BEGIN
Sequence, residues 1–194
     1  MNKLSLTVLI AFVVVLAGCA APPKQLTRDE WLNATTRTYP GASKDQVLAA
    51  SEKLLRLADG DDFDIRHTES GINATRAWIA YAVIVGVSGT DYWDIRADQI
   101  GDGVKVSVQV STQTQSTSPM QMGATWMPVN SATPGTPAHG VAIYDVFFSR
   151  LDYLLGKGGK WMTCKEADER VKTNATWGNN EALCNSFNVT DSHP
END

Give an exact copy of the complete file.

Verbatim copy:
Sequence, residues 1–194
     1  MNKLSLTVLI AFVVVLAGCA APPKQLTRDE WLNATTRTYP GASKDQVLAA
    51  SEKLLRLADG DDFDIRHTES GINATRAWIA YAVIVGVSGT DYWDIRADQI
   101  GDGVKVSVQV STQTQSTSPM QMGATWMPVN SATPGTPAHG VAIYDVFFSR
   151  LDYLLGKGGK WMTCKEADER VKTNATWGNN EALCNSFNVT DSHP